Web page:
Be up to date on your knowledge of Poxviridae!  Here are some interesting findings from the past year.

Since the mid-1990s, the United States government had supported an international effort to eradicate every last trace of variola virus, the causative agent of smallpox. There was a tentative plan to destroy all known stocks of variola virus by June 1999. However, in April of 1999, President Clinton signed a memo calling for a preservation of variola virus in the five WHO-approved high-security labs. Only Russia and the United States are currently known to possess cultures of variola. However, some experts allege that not all variola stocks have been accounted for.
According to a White House security official, the decision to preserve the live virus was for its use in developing new anti-viral drugs and testing improved smallpox vaccines. What do you think? Should small-pox be preserved? Wed love to hear what you think. Email us at or

Reference: Marshall, E. "President Revokes Plan to Destroy Smallpox" Science 30 Apr 1999 284(5415):718-719.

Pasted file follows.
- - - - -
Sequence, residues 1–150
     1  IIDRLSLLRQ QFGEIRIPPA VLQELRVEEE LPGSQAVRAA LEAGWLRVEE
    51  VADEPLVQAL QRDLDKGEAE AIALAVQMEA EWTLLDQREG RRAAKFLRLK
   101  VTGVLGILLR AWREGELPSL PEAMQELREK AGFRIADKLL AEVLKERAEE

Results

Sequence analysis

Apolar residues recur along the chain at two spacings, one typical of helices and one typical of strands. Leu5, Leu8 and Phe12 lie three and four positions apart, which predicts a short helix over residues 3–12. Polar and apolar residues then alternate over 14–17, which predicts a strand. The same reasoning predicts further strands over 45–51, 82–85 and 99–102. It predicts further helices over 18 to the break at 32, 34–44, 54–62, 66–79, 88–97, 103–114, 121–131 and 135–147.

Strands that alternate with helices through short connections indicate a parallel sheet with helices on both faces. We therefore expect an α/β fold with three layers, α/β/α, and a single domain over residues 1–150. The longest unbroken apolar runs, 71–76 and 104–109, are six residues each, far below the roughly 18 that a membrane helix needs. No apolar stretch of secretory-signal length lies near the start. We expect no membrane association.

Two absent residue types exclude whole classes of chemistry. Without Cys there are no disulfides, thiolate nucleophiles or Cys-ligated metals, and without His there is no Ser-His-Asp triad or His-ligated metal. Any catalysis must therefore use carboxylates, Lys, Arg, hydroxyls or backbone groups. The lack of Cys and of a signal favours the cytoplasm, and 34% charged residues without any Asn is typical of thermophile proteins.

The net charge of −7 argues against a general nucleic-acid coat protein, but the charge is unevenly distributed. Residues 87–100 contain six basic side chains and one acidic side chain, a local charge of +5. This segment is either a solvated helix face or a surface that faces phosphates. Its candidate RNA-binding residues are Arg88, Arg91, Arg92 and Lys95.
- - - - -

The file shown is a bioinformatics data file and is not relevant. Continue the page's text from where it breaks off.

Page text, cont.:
In June 1999, a working group from the Center for Civilian Biodefense Studies at the School of Public Health, John Hopkins University issued a comprehensive report on recommendations for measures to be taken by medical and public health officials following use of smallpox as a biological weapon. The research group consisted of 21 representatives from major medical centers, research, government, military, public health, and emergency management institutions and agencies. The report issued included specific recommendations regarding smallpox vaccination, therapy, postexposure infection control, hospital epidemiology, and home care. In the event of an actual release of smallpox virus and subsequent outbreaks, early detection, isolation of infected individuals, surveillance of contacts, and an effective vaccination program will be absolutely vital to successful epidemiological control of smallpox. For a more detailed version of the groups report, please see reference below.

Reference: Henderson, DA et al. "Smallpox as a Biological Weapon: Medical and Public Health Management" Journal of the American Medical Association.  9 Jun 1999 281 (22): 2127-37.

The replication kinetics of tanapoxvirus were understood this year by growth of tanapox virus in owl monkey kidney cells. Virus replication revealed production of cytopathic effect, characterized by densely packed rounded cells with granular, vacuolated cytoplasm. An important feature of tanapoxvirus multiplication is that most of the mature progeny is retained inside the cell. The results of this study suggest that tanapoxvirus, in terms of replication kinetics, is very similar to other poxviruses. However, the virus is much slower in replication than vaccinia virus. For more details of this study, please see reference below.